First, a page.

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SAP Sybase SQL Anywhere 16.0 » SQL Anywhere 16 - Changes and Upgrading » What's new in version 12.0.0 » Administration tools new features

 

Interactive SQL behavior changes and deprecated features

Following is a list of changes to Interactive SQL introduced in version 12.0.0.

  • Support for 32- and 64-bit computers  

    • Now, you can have both 32- and 64-bit versions of Interactive SQL installed on the same computer.

  • Changes to the default encoding for Windows   The following change applies to running Interactive SQL as a console application (with no windowed user interface) on Windows computers where the ANSI and OEM encodings differ, for example on a U.S. English Windows XP computer.

    1. Previously, when running Interactive SQL as a console application, the INPUT and READ statements assumed that the file was encoded using the OEM encoding (cp437 on a U.S. English Windows XP computer) in the absence of an explicit ENCODING clause. Similarly, the OUTPUT statement would output the file using the OEM encoding.

      Now, when running Interactive SQL as a console application, the INPUT and READ statements assume that the file is encoded using the ANSI encoding (cp1252 on U.S. English Windows XP computer). Similarly, the OUTPUT statement outputs the file using the ANSI encoding.

      At a command prompt, to process a file that uses the OEM encoding, you must specify the encoding explicitly. For example:

      dbisql READ ENCODING 'cp437' myfile.sql
    2. Previously, when running Interactive SQL as a console application, results written to and read at a command prompt used the ANSI encoding (cp1252 on a U.S. Windows XP computer), which could cause extended characters to be displayed incorrectly.

      Now, when running Interactive SQL as a console application, results written to and read at a command prompt use the OEM encoding (cp437 on a U.S. Windows XP computer).

    See default_isql_encoding option [Interactive SQL].

  • Change to the CLEAR statement, Clear menu item, and the Esc key   Now, the CLEAR statement closes any open result sets and leaves the contents of the SQL Statements pane unchanged. See CLEAR statement [Interactive SQL].

    Also, the Edit » Close Results menu item, which is equivalent to executing a CLEAR statement, closes any open result sets and leaves the contents of the SQL Statements pane unchanged.

    The Edit » Clear menu item which used to clear the contents of the SQL Statements pane has been removed. As a result, the keyboard shortcut for the Clear menu item, the Esc key, has also been removed. Now by default, pressing the Esc key has no affect.

    However, you can set the Esc key to clear the SQL Statements pane and close any opened result sets. Click Tools » Options » Compatibility and click Pressing The Esc Key Clears SQL Statements And Closes Result Sets.

  • -codepage option removed   If you want Interactive SQL to read a file with a specific code page, use the ENCODING clause of the INPUT, OUTPUT, or READ statements. The -codepage option has been removed from the software. See:

  • Change to SET OPTION statement [Interactive SQL]   Previously, if you used the SET OPTION statement to set an option and didn't specify a value, the option was set to Off. Now, if the option value is omitted, the specified option is set to its default value. This change affects the following options: auto_commit, auto_refetch, bell, commit_on_exit, and echo. See SET OPTION statement [Interactive SQL].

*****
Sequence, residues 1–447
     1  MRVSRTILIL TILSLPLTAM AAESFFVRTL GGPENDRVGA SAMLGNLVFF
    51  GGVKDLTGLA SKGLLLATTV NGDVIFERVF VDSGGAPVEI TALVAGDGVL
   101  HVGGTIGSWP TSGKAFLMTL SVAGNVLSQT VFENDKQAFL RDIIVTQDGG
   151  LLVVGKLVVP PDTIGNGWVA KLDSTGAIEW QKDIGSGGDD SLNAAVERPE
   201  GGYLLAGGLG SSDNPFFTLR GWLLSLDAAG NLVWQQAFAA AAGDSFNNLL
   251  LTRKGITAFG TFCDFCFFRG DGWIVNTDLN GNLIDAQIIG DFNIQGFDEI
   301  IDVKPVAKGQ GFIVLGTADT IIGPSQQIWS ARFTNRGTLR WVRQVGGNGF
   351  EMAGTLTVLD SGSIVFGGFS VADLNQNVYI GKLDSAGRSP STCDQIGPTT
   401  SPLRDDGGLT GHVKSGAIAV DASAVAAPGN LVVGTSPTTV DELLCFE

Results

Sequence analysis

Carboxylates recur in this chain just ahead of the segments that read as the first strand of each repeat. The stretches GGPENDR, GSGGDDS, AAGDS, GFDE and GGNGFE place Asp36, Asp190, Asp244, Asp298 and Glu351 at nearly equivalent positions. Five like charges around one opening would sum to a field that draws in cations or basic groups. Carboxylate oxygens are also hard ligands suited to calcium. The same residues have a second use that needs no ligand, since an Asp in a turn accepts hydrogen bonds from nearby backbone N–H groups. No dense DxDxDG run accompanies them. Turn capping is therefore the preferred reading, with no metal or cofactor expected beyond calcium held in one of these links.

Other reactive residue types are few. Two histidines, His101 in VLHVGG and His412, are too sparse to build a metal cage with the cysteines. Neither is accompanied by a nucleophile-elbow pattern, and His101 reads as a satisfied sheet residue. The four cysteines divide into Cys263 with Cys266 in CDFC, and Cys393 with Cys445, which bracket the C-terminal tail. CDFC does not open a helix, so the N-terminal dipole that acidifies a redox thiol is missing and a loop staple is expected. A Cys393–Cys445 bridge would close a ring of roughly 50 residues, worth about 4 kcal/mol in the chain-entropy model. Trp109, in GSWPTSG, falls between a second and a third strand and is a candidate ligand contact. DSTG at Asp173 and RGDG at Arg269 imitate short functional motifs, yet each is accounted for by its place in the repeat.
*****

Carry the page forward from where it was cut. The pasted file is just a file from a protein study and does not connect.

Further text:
• Change to OUTPUT statement   When outputting results to a TEXT file, you can use the WITH COLUMN NAMES clause to insert the column names at the beginning of the file. See OUTPUT statement [Interactive SQL].

  • Change to INPUT statement   When inserting lines from a TEXT file with the INPUT statement, you can now use the SKIP clause to specify a number of lines to omit from the start of the file. See INPUT statement [Interactive SQL].

  • READ keyword no longer required   When you run Interactive SQL at a command prompt, the READ keyword is optional when specifying a .sql file to run. If the .sql file requires parameters, specify the parameters after the file name.

    For example, the following two commands are equivalent:

    With the READ keyword Without the READ keyword
    READ file.sql parm1
    file.sql parm1

    See Interactive SQL utility (dbisql).

  • Improvements to Microsoft Excel ODBC driver support   The following list describes changes related to exporting data from SQL Anywhere to Excel files via the Microsoft Excel ODBC driver:

    • Previously you could not export data that was stored as a CHAR, LONG VARCHAR, NCHAR, NVARCHAR, or LONG NVARCHAR data types.

      Now when you export data that is stored as a CHAR, LONG VARCHAR, NCHAR, NVARCHAR, or LONG NVARCHAR data types from a SQL Anywhere database using the Microsoft Excel ODBC driver, the data is stored as VARCHAR (the closest type supported by the Excel driver).

      The Microsoft Excel ODBC driver supports text column widths up to 255 characters.

    • You can export data that is stored as REAL, FLOAT, and BIGINT data types.

    • Data stored as MONEY and SMALLMONEY data types are exported to the CURRENCY data type. Otherwise numerical data is exported as numbers.

    • You can use the Export Wizard to export tables.

    See Data export.